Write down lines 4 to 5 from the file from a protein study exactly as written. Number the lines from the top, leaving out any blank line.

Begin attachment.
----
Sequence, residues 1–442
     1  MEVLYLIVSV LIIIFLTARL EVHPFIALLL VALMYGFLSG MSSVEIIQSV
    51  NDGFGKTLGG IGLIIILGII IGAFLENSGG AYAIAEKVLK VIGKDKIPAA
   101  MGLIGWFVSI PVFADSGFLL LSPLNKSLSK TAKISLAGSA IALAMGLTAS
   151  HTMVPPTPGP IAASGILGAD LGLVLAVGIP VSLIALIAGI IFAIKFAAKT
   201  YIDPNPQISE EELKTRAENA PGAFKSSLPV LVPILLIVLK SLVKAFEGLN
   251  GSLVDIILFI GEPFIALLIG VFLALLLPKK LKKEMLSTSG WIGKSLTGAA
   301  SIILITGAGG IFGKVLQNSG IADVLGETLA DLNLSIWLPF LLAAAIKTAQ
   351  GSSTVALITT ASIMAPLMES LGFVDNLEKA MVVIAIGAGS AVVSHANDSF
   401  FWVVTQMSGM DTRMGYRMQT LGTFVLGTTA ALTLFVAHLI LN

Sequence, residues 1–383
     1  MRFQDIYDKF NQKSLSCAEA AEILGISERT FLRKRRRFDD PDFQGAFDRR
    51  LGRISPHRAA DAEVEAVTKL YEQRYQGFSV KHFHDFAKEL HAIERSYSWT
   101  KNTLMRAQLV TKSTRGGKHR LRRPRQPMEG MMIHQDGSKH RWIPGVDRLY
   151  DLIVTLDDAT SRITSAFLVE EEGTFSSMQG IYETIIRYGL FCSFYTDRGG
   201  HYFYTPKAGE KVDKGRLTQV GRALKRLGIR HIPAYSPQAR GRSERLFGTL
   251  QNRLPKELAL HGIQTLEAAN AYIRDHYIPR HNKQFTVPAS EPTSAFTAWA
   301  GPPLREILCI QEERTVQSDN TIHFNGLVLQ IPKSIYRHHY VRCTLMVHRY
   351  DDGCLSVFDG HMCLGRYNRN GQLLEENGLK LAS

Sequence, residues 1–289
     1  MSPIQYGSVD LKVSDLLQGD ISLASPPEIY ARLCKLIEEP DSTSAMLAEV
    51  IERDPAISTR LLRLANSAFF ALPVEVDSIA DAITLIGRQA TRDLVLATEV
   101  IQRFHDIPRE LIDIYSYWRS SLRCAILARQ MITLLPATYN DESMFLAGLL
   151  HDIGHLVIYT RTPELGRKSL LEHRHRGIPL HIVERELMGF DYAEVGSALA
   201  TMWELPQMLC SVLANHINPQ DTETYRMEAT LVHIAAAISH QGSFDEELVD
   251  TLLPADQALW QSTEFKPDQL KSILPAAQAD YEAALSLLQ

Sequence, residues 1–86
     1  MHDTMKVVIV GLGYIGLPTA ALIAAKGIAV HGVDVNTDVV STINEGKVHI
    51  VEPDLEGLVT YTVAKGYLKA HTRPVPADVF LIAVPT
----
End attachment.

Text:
   101  MGLIGWFVSI PVFADSGFLL LSPLNKSLSK TAKISLAGSA IALAMGLTAS
   151  HTMVPPTPGP IAASGILGAD LGLVLAVGIP VSLIALIAGI IFAIKFAAKT